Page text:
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Choose Wisely

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Are you an informed consumer when it comes to your health and the health of your family?

We see quite a few injured kids come through the practice.  Some parents bring their kids in to get treatment and fix the problem.  Other parents bring their kids in and want to talk about the problem.  Admittedly, I didn’t understand this for the longest time.  I would think to myself “We know what the problem is, let’s get down to business and fix it!”  In retrospect, I will try to give them the benefit of the doubt that they were simply being informed consumers.  The jury is still out on that.

A Myriad of Choices

It did get me thinking about choices.  These days, athletes have a lot of choices regarding the services available for training and also for healthcare.  Since we provide both, I am constantly assessing the marketplace and looking at factors that sway decision-making.  Athletes are “pack” creatures.  They tend to follow each other to the same places; the same trainers, the same retail stores, the same doctors, etc.)  This can be a slippery slope since it is based more on popularity than on good information.  Finances play into the decision as well.  We are constantly shopping for the best bang for the buck.  Most amateur athletes will settle for low cost or even free services, even if it is detrimental to their safety or performance.  Just a while back, we had a recently injured athlete opt to work with their “trainer” to rehabilitate and get back to playing, rather than work with us.  Why? It was free.

You Get What You Pay For-Or Do You?

Infographic courtesy of hitconsultant.net

Infographic courtesy of hitconsultant.net

It reminded me of the old cliché, “You get what you pay for.” Is there value in “free”?  In the case of this athlete, not really.  The risk of working with someone who is not trained in injury assessment and management doesn’t outweigh the reward of getting free services.  Chances are the athlete will suffer performance setbacks and put themselves at significant risk for re-injury.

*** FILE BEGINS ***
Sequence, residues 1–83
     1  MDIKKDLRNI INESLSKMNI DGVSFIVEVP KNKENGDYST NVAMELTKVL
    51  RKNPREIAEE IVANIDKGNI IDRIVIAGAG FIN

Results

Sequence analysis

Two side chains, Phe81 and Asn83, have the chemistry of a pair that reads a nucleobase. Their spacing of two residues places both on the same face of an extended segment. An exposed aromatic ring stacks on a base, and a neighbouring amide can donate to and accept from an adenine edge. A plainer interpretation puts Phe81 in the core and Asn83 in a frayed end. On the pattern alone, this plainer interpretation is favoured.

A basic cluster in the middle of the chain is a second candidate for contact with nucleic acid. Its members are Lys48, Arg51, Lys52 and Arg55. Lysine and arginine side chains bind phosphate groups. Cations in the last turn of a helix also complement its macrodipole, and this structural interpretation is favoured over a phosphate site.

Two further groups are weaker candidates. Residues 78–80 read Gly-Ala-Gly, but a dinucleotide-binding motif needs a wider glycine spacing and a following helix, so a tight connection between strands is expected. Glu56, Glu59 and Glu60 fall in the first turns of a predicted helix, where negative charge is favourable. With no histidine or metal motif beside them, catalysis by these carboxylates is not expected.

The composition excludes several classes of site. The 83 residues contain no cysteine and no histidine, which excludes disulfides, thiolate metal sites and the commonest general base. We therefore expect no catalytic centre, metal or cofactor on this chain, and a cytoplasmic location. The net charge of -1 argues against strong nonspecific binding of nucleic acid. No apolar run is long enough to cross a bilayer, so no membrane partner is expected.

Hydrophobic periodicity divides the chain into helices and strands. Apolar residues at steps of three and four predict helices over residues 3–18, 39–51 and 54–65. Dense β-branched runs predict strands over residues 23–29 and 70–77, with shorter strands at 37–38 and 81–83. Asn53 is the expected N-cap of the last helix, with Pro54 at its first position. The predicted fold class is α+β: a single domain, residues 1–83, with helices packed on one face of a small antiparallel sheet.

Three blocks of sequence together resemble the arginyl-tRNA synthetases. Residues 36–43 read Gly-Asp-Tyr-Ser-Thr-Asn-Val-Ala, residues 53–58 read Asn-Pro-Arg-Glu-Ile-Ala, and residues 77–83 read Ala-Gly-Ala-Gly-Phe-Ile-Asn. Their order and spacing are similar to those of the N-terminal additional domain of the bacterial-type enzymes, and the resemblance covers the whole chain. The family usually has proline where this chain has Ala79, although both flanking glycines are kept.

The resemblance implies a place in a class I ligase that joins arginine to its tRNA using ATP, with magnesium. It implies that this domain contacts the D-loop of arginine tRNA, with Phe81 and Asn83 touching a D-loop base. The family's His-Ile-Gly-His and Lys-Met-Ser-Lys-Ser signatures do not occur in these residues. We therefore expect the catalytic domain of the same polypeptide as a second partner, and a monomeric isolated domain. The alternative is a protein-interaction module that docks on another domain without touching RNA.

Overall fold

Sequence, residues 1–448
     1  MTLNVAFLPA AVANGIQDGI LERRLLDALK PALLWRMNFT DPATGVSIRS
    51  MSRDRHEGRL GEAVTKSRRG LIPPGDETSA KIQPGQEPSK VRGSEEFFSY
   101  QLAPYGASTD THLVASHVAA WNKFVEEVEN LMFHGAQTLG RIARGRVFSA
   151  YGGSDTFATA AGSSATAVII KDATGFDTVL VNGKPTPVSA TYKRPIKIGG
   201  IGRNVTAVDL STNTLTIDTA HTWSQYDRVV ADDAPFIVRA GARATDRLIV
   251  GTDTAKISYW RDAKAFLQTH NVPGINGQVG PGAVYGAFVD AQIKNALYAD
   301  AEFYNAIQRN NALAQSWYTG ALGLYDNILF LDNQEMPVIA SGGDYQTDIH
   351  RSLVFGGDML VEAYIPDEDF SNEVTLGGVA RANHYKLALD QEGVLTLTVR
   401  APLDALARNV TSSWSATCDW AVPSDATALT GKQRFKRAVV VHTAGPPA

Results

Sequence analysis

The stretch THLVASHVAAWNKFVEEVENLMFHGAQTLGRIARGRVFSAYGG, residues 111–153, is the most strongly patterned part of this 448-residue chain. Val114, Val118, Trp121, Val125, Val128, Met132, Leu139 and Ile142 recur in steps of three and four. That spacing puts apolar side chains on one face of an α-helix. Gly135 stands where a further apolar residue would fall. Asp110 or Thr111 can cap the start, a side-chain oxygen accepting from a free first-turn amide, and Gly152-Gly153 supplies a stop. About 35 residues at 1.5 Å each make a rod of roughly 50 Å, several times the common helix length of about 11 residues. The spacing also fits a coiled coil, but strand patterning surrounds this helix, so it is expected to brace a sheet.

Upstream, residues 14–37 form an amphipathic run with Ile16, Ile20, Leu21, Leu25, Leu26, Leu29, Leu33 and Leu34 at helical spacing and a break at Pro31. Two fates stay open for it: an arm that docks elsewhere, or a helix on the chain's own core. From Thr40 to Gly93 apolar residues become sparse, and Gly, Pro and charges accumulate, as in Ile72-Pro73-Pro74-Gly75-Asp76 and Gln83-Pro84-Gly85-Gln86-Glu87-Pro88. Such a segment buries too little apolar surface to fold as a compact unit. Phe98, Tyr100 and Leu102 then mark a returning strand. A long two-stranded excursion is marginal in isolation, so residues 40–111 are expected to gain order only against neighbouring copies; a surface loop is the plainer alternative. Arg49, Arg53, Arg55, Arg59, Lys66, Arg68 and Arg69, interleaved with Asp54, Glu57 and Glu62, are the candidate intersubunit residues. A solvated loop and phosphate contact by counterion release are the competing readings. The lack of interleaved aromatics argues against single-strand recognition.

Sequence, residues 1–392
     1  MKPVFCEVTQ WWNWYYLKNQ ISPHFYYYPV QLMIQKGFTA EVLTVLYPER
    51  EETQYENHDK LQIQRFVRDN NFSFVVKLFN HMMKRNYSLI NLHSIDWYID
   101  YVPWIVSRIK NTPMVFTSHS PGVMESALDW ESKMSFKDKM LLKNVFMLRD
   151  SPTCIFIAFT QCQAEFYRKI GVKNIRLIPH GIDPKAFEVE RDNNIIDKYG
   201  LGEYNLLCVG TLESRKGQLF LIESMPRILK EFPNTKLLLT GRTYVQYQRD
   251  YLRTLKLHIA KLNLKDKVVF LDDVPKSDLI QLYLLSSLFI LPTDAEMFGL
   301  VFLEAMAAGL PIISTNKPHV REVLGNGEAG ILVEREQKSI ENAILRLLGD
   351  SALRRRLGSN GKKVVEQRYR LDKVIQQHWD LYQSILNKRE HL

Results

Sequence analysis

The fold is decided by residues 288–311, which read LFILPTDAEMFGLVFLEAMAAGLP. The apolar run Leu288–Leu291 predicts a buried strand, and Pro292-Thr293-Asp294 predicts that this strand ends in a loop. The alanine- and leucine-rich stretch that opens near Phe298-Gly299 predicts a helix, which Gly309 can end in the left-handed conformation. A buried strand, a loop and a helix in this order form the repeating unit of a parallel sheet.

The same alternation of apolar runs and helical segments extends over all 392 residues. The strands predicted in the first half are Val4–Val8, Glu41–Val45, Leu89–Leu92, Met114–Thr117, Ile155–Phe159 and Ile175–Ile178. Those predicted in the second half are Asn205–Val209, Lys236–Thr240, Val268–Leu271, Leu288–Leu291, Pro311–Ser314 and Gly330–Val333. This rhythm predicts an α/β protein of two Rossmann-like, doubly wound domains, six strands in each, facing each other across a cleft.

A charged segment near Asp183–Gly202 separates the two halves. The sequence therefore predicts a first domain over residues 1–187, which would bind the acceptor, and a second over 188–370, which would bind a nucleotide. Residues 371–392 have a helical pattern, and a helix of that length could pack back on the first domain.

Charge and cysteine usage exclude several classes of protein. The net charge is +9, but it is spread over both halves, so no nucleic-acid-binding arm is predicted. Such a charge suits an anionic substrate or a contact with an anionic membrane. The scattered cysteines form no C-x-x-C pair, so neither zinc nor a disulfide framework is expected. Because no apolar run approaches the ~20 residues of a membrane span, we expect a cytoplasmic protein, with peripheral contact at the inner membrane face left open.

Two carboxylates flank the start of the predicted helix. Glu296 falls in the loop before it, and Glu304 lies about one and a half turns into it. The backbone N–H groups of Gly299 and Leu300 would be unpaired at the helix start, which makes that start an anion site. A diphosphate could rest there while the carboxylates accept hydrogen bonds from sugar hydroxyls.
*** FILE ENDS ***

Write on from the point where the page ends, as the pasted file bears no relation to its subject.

Athletes, or the parents of youth athletes, have a higher responsibility than just making choices based upon popularity or finances.  Especially when the athlete’s health and performance may be affected.  Here are some simple guidelines for choosing trainers, coaches, and even doctors.

Look at their experience.  How long have they been doing it?

What are their credentials?  Seek out professionals that specialize in the particular service you are looking for.   Trainers will have extra certifications in sports training, conditioning and strength training.  Some physicians often specialize in sports injuries as well.  Just because they have Doctor in their title doesn’t mean that they are qualified to fix your problem.  We see this all the time with chiropractors and family doctors that list “sports injuries” as one of their services.  However, they have no advance training in sports injuries and may not have even played a sport!

What are others saying about them?  Check for reviews online through credible sites such as the Better Business Bureau.  Ask for a referral from a friend or teammate that has had a positive experience.

Ask for a consultation.  This is a great way to gather information and see if they are a good fit for you.  We always offer a FREE consultation in our office–both for chiropractic care and for sports performance.  We strongly believe you have a right to be an informed consumer and want to ensure that you are fully informed with what will be involved in your care.

At the end of the day, the choice is yours–are you exercising your choice wisely?

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